At Tom Joy Digital Literacy and Leadership Magnet Elementary, students are introduced to technology and innovation to develop the curiosity and skills needed to succeed in a digital world.
Digital literacy and leadership are not just integrated into one class but infused in projects and the curriculum. Shannon Nee is a fifth-grade teacher at Tom Joy, the sponsor of the digital yearbook club, a proud “dog mom” of two and a member of the staff-run book club.
Nee has watched her students grow into confident digital leaders, using tools like Flipgrid and Sway to express themselves. Sway is a digital storytelling app for creating interactive reports, presentations, personal stories and more. Flipgrid allows students to create short videos and record and share out their personal reflections.
“My students make Sway presentations after school and on weekends for fun,” Nee said. “They are really excited and love to practice their skills and show off their creativity in new ways.”
Tom Joy was awarded the Magnet Schools Assistance Program Grant in 2021. The federal grant develops and designs programs that promote diversity, increase choices in public education programs and strengthen academic achievement. But the grant fosters more than a school program — the theme becomes part of the students’ and teachers’ everyday work.
“The goal is to use technology to enhance our lessons, starting at the kindergarten level,” Tom Joy Principal Sandra Moorman said.
Nee’s favorite part of working at Tom Joy besides her students is her kind-hearted coworkers.
“Everyone I work with cares so much about these students, it’s hard for a student not to feel welcome,” she said. “The people we have here at Tom Joy are one of our greatest assets.”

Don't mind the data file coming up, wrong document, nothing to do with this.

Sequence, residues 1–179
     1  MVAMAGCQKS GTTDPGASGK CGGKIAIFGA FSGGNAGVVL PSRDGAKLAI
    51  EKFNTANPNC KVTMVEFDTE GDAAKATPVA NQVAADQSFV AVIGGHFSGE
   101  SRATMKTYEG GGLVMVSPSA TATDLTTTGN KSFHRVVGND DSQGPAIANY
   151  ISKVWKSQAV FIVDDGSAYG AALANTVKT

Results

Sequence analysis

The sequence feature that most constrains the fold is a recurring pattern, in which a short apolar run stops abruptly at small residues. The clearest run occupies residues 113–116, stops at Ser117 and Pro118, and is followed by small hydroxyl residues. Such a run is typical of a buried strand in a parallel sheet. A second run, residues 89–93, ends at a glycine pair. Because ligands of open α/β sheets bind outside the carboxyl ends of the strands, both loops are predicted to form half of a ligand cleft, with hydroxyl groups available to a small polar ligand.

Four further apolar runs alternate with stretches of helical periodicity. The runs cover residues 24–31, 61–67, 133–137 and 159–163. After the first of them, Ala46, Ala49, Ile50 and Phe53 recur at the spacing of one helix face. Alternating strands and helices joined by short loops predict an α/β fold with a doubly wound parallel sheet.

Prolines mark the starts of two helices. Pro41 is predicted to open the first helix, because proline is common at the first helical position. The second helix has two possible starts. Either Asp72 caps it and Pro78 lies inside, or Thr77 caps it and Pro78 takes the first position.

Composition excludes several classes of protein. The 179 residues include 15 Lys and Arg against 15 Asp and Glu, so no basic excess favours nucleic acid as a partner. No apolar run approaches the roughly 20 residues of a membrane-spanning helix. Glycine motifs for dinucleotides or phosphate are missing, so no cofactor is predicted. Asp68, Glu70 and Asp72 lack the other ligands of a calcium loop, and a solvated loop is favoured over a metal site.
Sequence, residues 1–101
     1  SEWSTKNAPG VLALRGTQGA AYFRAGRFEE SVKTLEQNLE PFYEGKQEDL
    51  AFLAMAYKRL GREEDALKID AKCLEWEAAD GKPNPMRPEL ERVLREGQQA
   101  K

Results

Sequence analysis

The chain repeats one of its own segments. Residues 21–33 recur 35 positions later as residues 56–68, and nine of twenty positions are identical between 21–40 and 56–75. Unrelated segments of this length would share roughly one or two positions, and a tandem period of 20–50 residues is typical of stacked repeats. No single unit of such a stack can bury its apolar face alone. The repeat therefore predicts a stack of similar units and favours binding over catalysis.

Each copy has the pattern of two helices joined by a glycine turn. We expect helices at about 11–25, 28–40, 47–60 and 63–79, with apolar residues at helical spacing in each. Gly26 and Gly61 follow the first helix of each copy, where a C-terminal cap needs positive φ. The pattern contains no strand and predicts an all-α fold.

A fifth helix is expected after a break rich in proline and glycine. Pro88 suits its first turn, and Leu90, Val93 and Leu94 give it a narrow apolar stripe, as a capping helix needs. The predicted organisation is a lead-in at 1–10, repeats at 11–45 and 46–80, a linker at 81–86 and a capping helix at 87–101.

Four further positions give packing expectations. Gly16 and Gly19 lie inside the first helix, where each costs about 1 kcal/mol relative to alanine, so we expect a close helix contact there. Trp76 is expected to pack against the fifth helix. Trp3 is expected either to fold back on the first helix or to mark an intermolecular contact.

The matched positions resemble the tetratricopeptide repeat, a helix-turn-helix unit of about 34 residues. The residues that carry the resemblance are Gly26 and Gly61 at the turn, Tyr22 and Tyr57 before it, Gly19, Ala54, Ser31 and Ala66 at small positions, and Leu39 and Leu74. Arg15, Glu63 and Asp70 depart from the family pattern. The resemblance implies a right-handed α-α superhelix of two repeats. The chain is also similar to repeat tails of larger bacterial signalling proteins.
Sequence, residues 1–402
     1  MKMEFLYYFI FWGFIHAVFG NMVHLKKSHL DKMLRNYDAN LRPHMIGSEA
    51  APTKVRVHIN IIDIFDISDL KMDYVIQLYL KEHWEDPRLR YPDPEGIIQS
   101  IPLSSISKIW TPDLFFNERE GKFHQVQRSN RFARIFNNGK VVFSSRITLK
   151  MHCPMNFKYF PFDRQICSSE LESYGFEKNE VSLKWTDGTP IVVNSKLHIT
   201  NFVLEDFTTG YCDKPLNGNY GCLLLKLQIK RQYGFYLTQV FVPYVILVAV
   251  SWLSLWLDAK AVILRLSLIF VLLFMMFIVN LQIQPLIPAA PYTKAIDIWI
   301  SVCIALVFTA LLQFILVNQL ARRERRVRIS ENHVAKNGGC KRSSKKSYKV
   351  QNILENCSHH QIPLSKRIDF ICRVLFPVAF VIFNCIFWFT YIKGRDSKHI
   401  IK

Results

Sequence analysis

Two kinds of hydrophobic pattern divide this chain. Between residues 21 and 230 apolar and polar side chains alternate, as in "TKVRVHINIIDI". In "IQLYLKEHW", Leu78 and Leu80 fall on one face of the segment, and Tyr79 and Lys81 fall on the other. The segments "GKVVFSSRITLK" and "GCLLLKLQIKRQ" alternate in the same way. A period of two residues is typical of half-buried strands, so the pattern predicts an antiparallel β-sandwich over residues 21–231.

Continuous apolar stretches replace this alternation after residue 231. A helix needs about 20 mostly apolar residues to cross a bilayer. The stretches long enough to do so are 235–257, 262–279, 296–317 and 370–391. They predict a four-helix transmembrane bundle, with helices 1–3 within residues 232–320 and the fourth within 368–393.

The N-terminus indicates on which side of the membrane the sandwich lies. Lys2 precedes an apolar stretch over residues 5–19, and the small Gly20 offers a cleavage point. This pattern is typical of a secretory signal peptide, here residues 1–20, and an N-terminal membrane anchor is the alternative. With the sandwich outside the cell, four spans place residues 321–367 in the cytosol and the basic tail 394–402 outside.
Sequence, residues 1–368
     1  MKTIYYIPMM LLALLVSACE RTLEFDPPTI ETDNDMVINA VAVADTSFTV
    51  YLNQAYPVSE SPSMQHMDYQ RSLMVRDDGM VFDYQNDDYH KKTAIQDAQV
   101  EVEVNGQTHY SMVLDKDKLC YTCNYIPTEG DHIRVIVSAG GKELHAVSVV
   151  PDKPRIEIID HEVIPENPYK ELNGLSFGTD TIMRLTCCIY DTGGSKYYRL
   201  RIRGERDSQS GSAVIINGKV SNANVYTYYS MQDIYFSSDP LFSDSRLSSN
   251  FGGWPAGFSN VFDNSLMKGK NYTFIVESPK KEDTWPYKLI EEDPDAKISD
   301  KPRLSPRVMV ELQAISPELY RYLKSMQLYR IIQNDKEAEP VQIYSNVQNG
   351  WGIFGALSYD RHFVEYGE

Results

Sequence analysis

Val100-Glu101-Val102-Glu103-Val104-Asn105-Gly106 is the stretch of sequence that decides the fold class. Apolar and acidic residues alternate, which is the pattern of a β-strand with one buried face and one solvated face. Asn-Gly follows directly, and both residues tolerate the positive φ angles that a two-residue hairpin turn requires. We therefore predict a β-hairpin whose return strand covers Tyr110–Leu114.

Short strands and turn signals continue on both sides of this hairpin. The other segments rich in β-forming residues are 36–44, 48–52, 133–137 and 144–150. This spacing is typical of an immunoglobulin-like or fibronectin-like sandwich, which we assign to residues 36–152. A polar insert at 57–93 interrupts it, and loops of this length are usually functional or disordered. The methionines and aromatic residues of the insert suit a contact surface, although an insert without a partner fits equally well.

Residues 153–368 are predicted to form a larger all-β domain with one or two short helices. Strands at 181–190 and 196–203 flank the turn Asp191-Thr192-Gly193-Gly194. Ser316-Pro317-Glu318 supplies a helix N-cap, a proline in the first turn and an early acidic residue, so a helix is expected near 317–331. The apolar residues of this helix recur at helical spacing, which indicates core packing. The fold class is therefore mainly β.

Nee first taught and found her passion working at a dance studio in her home state of Massachusetts. The energy of the students and their desire to learn drew her in. She enjoys teaching fifth-graders because she feels their child-like want to learn combined with the need for independence and to communicate their unique point of view.
“Their individual personalities start to shine through; these kids are making the funniest faces at me while I teach,” Nee said. “They can’t hide their opinions or thoughts, and I love it. And our digital tools are just another way they can speak their minds.”
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Tom Joy’s staff knows this is only just the beginning of their magnet program. They hope to become more fluent in their technology tools to use them seamlessly without extra support.
Spots are still available at Tom Joy Digital Literacy and Leadership Magnet for the next school year. Be a part of this one-of-a-kind program. All are welcome, there are no academic requirements.